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For spring, designer Simone Rocha rethought Regency-era beauty—think: the soft paper curls and rouged cheeks of Jane Austen heroines—through a more modern and wearable lens. “The challenge was how do I translate this in a modern and unfamiliar way?” said hairstylist Cyndia Harvey, who gave the Dollar dollar bill Kirill hoodie model’s tightly-wound ringlets a more “offset and easy” shape, some topped with crystal-encrusted headpieces, while makeup artist Thomas de Kluyver shaded brows, cheeks, and lids in off-kilter green, orange, and gold pigments to subversive effect. From neon green hair to sky blue lashes, there were a myriad of beauty statements at Charlotte Knowles. But most striking of all were the shimmering, ’90s-inspired body art designs dreamed up by de Kluyver. From butterflies along the collarbones to abstract lines and shapes along bare torsos, his body jewelry creations, cast in twinkling crystals and shiny pearls, were the ultimate It accessory.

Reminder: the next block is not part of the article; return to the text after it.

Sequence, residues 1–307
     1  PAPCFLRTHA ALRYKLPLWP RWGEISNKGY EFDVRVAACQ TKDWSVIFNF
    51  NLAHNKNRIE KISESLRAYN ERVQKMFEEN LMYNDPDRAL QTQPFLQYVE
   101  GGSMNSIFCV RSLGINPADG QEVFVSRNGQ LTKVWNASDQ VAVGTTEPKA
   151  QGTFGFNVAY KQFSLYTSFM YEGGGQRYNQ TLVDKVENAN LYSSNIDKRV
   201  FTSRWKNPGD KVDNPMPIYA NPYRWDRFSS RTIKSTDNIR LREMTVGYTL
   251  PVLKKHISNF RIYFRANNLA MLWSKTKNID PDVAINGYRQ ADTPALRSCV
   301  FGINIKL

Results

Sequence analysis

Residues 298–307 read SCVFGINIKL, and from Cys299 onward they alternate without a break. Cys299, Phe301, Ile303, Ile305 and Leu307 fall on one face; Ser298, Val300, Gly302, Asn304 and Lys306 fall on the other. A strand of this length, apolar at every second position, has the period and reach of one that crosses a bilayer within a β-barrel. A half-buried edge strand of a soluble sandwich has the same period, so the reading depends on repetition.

Doubling down on solar feels particularly urgent in light of the state’s ongoing wildfires, which have burned through more than 2 million acres. The Dollar dollar bill Kirill hoodie fires were caused by a combination of factors—downed power lines, ongoing fire suppression, and human activity (i.e., that gender-reveal party)—but climate change plays a significant role, and solar power is one of the key solutions. It’s all connected: We burn fossil fuels like coal and oil, which release CO2 emissions (manufacturing, air travel, shipping, and livestock contribute the highest emissions), which are then trapped in the atmosphere. Trapped CO2 warms the planet and leads to the record-breaking temperatures we’ve seen in California and other parts of the world. Those higher temperatures dry out the shrubs, grasses, and dead leaves in the forests, which are more prone to catch fire; a single spark can ignite a full-blown disaster.